Hospital, nursing home, and home care workers highlight need for protective gear, paid sick leave, access to free testing and treatment
SEIU Healthcare Missouri members working in hospitals, nursing homes, and home care in Kansas City and St. Louis this morning called on Missouri Governor Mike Parson to do more to protect the health and safety of all by implementing a statewide stay-at-home order, securing adequate personal protective equipment, mandating immediate access to paid leave for healthcare workers exposed or infected with COVID-19, free testing and treatment, child care and transportation assistance, and a number of other provisions laid out in a letter to the governor.
"Our members, and tens of thousands of fellow healthcare workers across Missouri, are risking their health and safety and putting their families at risk when they return home each night," said Lenny Jones, vice president and state director at SEIU Healthcare Missouri Kansas. "The lack of support and leadership from our state government is unacceptable. There is no time to delay, COVID-19 is here and action to protect those on the front lines must be swift and comprehensive."
REUSING MASKS, SHORTAGES OF GLOVES AND GOWNS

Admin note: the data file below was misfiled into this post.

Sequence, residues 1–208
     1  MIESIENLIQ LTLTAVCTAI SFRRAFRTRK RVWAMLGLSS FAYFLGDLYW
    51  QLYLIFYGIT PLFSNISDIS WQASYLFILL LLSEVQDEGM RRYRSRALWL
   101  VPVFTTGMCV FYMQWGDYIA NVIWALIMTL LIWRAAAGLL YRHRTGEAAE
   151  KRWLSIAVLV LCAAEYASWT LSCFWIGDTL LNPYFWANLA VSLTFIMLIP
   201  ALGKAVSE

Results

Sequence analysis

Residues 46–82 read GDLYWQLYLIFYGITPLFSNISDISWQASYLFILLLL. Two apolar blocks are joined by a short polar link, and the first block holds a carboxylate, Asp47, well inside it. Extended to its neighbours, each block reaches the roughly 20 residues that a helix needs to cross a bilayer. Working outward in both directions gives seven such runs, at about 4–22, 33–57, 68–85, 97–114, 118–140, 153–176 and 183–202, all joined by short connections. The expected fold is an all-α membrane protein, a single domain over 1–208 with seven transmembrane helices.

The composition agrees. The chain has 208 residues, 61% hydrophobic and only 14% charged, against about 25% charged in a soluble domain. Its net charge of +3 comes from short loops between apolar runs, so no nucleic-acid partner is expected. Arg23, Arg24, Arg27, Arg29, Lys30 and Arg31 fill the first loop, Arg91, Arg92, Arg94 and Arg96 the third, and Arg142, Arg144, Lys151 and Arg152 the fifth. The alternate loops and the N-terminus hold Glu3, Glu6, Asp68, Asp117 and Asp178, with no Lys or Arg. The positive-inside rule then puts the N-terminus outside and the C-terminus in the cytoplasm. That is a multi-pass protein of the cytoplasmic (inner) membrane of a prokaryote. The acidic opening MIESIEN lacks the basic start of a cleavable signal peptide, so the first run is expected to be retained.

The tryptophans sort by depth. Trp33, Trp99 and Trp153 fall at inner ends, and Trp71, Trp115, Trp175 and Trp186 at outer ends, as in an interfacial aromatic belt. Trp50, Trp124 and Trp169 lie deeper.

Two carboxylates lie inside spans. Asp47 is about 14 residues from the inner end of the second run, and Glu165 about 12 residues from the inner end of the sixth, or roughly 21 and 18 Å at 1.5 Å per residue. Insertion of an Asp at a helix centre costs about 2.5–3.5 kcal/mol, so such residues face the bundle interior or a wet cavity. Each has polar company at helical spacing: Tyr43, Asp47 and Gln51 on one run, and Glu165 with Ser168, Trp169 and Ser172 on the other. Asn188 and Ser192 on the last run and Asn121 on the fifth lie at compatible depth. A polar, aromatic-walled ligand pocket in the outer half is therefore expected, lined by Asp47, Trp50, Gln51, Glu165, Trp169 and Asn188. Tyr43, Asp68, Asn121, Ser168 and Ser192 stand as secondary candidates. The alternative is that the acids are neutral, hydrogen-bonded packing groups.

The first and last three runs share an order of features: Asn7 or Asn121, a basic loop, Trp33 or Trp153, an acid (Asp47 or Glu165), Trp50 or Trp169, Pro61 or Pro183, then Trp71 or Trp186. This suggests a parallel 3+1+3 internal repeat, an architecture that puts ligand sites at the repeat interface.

From reusing masks to shortages of gloves and gowns, healthcare workers are deeply concerned about their ability to protect themselves, their families, and the people they serve each day from further spread of the virus.
Uncertainties about what will happen if they are exposed or contract the virus without access to paid sick time and free testing and treatment is creating additional anxiety across the state.
"Some of our members do not have access to goggles, full-face shields, gowns, or nonsterile gloves," said Caprice Nevils, a Care Partner at St. Louis University Hospital and an SEIU Healthcare Missouri Executive Board member. "Those of us on the front lines need Governor Parson to step up at this crucial moment and make sure we are equipped to deal with this deadly virus."
BALANCING PATIENT CARE WITH HEALTH, FINANCIAL RISK
Healthcare workers should be focused on serving patients in our hospitals, residents in our nursing homes, and those receiving care in a home-based setting, the union said. Instead, they are being forced to grapple with the potential of financial ruin if they get sick while continuing to serve their patients, clients and communities.
"I am a home care worker and I provide important services for our elderly and fragile patients," explained Elinor Simmons, a St. Louis home care worker. "This week, there were questions about whether or not gloves and masks would be available for home care workers. We need Governor Parson to make sure that this problem is addressed immediately and that we have access to paid leave in the event that we are exposed. Without paid sick time, many of us would be devastated financially."
"I have four children and I took off during their spring back, using my PTO," said Ebony Smith, a CNA from Truman Medical Center Lakewood in Kansas City, MO. "Now it's time to go back to work, but I can't find child care. I want to be focused on my patients right now, yet I'm constantly worried about who is going to look after my children while the schools remain closed."